Recent neurophysiologic findings have shown that astrocytes play important roles in information processing and modulation of neuronal activity. Motivated by these findings, in the present research, a digital neuromorphic circuit to study neuron-astrocyte interaction is proposed. In this digital circuit, the firing dynamics of the neuron is described by Izhikevich model and the calcium dynamics of a single astrocyte is explained by a functional model introduced by Postnov and colleagues. For digital implementation of the neuron-astrocyte signaling, Single Constant Multiply (SCM) technique and several linear approximations are used for efficient low-cost hardware implementation on digital platforms. Using the proposed neuron-astrocyte circuit and based on the results of MATLAB simulations, hardware synthesis and FPGA implementation, it is demonstrated that the proposed digital astrocyte is able to change the firing patterns of the neuron through bidirectional communication. Utilizing the proposed digital circuit, it will be illustrated that information processing in synaptic clefts is strongly regulated by astrocyte. Moreover, our results suggest that the digital circuit of neuron-astrocyte crosstalk produces diverse neural responses and therefore enhances the information processing capabilities of the neuromorphic circuits. This is suitable for applications in reconfigurable neuromorphic devices which implement biologically brain circuits. PMID:25814323

  16. Neuronal influences are necessary to produce mitochondrial co-localization with glutamate transporters in astrocytes

    PubMed Central

    Ugbode, Christopher I; Hirst, Warren D; Rattray, Marcus

    2014-01-01

    Recent evidence suggests that the predominant astrocyte glutamate transporter, GLT-1/ Excitatory Amino Acid Transporter 2 (EAAT2) is associated with mitochondria. We used primary cultures of mouse astrocytes to assess co-localization of GLT-1 with mitochondria, and tested whether the interaction was dependent on neurons, actin polymerization or the kinesin adaptor, TRAK2. Mouse primary astrocytes were transfected with constructs expressing V5-tagged GLT-1, pDsRed1-Mito with and without dominant negative TRAK2. Astrocytes were visualized using confocal microscopy and co-localization was quantified using Volocity software. Image analysis of confocal z-stacks revealed no co-localization between mitochondria and GLT-1 in pure astrocyte cultures. Co-culture of astrocytes with primary mouse cortical neurons revealed more mitochondria in processes and a positive correlation between mitochondria and GLT-1. This co-localization was not further enhanced after neuronal depolarization induced by 1 h treatment with 15 mM K+. In pure astrocytes, a rho kinase inhibitor, Y27632 caused the distribution of mitochondria to astrocyte processes without enhancing GLT-1/mitochondrial co-localization, however, in co-cultures, Y27632 abolished mitochondrial:GLT-1 co-localization. Disrupting potential mitochondrial: kinesin interactions using dominant negative TRAK2 did not alter GLT-1 distribution or GLT-1: mitochondrial co-localization. We conclude that the association between GLT-1 and mitochondria is modest, is driven by synaptic activity and dependent on polymerized actin filaments.Mitochondria have limited co-localization with the glutamate transporter GLT-1 in primary astrocytes in culture. Few mitochondria are in the fine processes where GLT-1 is abundant. It is necessary to culture astrocytes with neurones to drive a significant level of co-localization, but co-localization is not further altered by depolarization, manipulating sodium ion gradients or Na/K ATPase activity. PMID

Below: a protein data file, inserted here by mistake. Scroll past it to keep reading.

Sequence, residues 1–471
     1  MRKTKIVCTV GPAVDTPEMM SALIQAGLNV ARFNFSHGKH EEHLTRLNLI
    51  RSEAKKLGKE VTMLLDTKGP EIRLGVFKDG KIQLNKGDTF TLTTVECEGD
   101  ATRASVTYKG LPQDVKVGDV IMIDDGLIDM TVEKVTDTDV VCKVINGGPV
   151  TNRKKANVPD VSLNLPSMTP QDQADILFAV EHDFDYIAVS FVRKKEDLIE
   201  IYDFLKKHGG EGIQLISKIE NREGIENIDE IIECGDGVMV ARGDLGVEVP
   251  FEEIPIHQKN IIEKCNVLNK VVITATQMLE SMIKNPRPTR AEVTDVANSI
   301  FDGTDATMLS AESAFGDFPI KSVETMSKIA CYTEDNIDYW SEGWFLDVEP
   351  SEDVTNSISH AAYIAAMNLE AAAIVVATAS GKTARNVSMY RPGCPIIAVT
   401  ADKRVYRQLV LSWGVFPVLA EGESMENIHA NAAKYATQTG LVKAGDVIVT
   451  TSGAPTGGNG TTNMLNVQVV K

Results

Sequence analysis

17. PROX1 promotes hepatocellular carcinoma proliferation and sorafenib resistance by enhancing β-catenin expression and nuclear translocation.

    PubMed

    Liu, Y; Ye, X; Zhang, J-B; Ouyang, H; Shen, Z; Wu, Y; Wang, W; Wu, J; Tao, S; Yang, X; Qiao, K; Zhang, J; Liu, J; Fu, Q; Xie, Y

    2015-10-29